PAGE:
Emory Report
December 4, 2006
Volume 59, Number 13


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December 4 , 2006
Some like it hot

by kim urquhart

Bridget Williams is the face of fire safety — literally. Emory’s director of fire safety, suited up in full turnout gear, is gracing advertisements posted in high schools throughout DeKalb County, promoting Georgia Perimeter College’s degree program for fire management.

Williams is used to being high profile: the former firefighter was the first African-American female to join the DeKalb County fire department, and at the time was one of only three women on the entire force.

Though she had to prove herself, Williams has only positive things to say about her fire-fighting days. “I was just one of the guys,” part of a family of firefighters that risked their lives to save others, she says.

After nearly 10 years of fighting fires, however, she shifted her focus to preventing them. She says she was “ready for a change” and wanted to be more active in the community. So she took a temporary position with Emory’s fire safety department in 2001, and by 2004 had moved into her current leadership role.

Williams still works closely with her former colleagues at Fire Station No. 1, which neighbors Emory on Clifton Road. Her fire safety work at Emory often takes her to the station for training, tours or inspections.

Williams has led the charge for increased training and awareness at Emory. “Everyone always thinks ‘oh, a fire will never happen,’” she says, “but really one in three people will experience some type of fire-related emergency in their lifetime.”

The main goal of the division, she explains, “is to decrease fire-related emergencies that threaten life and property, and to increase fire safety of the entire Emory community.” Her goal is to increase education and hands-on training.

“You have thirty seconds to react and decide what to do, or evacuate,” she says. “I personally know that if people are taught how to respond to fire-related emergencies, it increases their effectiveness two-and-a-half times.”

Hands-on training is particularly important, she says, because “you never know how people will react.” Even in her on-campus demonstrations, where she sets fires in pans and trainees practice extinguishing them, some will still “freak out” when they see the flames and rising smoke.

Williams organized the first Student Fire Academy, held earlier this fall, to train Emory resident hall directors and assistants in fire safety techniques. The RAs and RHDs spent time at a training facility in Decatur, where they learned to navigate smoke-filled corridors, to operate fire extinguishers, and to master other fire safety procedures, such as accounting for all residents.

More than 100 RAs and RHDs attended the academy, and the University plans to offer the program annually. In addition, DeKalb County has modeled its news media training course on Williams’ Emory program.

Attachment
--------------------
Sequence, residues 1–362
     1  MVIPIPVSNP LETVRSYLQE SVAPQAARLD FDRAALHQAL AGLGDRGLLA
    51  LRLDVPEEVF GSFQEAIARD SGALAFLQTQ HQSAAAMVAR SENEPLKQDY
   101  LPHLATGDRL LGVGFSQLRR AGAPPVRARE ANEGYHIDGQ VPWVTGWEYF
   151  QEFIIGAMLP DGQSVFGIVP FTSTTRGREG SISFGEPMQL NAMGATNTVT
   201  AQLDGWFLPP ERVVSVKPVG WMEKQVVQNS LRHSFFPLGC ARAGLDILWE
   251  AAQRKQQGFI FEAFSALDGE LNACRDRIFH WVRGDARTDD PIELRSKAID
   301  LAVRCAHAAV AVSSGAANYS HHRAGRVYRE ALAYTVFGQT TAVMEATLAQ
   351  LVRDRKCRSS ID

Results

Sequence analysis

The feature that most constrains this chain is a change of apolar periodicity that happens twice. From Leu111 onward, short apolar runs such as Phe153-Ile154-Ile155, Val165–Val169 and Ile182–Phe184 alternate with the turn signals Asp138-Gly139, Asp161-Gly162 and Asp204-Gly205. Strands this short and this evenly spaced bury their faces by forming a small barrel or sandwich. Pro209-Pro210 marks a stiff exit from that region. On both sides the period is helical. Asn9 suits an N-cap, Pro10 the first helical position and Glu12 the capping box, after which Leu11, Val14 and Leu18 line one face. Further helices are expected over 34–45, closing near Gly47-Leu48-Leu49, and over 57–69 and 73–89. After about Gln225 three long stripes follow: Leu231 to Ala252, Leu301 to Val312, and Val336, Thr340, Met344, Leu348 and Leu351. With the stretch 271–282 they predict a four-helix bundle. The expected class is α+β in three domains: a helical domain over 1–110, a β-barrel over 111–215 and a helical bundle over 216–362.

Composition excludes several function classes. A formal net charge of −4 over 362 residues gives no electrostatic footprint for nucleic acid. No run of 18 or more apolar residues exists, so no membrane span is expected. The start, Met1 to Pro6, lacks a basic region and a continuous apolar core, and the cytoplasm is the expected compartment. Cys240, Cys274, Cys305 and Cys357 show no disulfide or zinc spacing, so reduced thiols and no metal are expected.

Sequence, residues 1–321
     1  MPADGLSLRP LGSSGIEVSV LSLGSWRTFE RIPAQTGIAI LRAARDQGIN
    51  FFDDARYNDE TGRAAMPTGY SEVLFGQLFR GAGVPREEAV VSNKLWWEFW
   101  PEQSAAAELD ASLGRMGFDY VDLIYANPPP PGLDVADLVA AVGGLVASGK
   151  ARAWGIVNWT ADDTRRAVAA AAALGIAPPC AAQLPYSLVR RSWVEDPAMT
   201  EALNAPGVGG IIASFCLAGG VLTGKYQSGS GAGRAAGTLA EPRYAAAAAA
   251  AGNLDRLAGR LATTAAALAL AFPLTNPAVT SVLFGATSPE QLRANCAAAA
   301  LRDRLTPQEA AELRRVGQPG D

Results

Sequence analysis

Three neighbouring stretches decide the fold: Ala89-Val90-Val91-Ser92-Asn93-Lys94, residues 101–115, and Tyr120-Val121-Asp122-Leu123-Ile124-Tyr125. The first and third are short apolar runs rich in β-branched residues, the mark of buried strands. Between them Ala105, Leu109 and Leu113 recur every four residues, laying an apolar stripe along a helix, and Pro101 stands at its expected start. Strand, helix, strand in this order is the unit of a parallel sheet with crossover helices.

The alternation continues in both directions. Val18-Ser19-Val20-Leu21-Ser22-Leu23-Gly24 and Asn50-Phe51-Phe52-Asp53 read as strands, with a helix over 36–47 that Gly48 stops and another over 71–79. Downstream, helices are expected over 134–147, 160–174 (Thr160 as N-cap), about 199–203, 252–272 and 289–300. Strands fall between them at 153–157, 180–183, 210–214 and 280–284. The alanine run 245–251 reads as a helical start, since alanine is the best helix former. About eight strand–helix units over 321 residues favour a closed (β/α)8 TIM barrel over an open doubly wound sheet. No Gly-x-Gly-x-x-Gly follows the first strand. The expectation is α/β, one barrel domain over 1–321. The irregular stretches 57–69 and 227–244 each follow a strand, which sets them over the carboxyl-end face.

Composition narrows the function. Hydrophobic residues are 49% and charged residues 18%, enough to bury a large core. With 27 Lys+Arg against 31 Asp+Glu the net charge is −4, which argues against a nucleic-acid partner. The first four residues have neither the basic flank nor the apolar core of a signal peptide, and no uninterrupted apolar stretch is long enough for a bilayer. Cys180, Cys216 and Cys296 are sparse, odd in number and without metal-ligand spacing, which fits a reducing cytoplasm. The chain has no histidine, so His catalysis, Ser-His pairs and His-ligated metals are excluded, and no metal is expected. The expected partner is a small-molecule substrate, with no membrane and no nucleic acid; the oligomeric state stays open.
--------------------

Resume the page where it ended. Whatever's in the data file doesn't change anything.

“It was a really positive experience,” says Williams. “In fact, I was asked to do training for an entire residence hall,” a request that she is always happy to fulfill.

She recalls how one student put his training to the test when he used a fire extinguisher — one of the 100 extinguishers Emory’s fire safety division gives away each year — to put out a grease fire caused by a fish fry in a residence hall. “I was so proud of him,” Williams says of the student.

Williams has been busy working with Emory’s human resources department to create an online course on fire safety, which will be free and available to all of Emory beginning this spring.
Williams also uses her expertise to create personal evacuation plans. This service particularly appeals to people with disabilities, she says.

Williams’ fire-fighting career began in L.A., when the mother of three decided to work outside the home. She enjoyed helping people, and thought she would like to be a police officer.

She soon realized that firefighting was more her style, but limited openings in the L.A. area led her to expand her search nationwide. “I traveled all over the United States interviewing and taking tests, and DeKalb County was the first department that hired me,” she explains.

The physical demands of the job didn’t faze her. “I had always been athletic,” she says. Williams was soon able to bench-press 165 pounds, earning her the public safety female bench press record for eight years running.

Even though her “desk job” at Emory has allowed someone else — just last year – to best her bench-press record, Williams is still an athlete. She enjoys swimming, basketball, volleyball and tennis, and coaches her children’s Little League teams. Her interests also include deep-sea fishing, something she misses about living on the California coast.

And although she gets a twinkle in her eye when she speaks of her days driving the tiller ladder on a sleek, red fire truck, she doesn’t miss smelling like smoke and says she really appreciates life at Emory.

And what words of wisdom does the fire safety director have for the Emory community? “Prepare for the unexpected, because emergencies happen, fires happen,” she says. “So be prepared. Even just a little knowledge goes a long way.”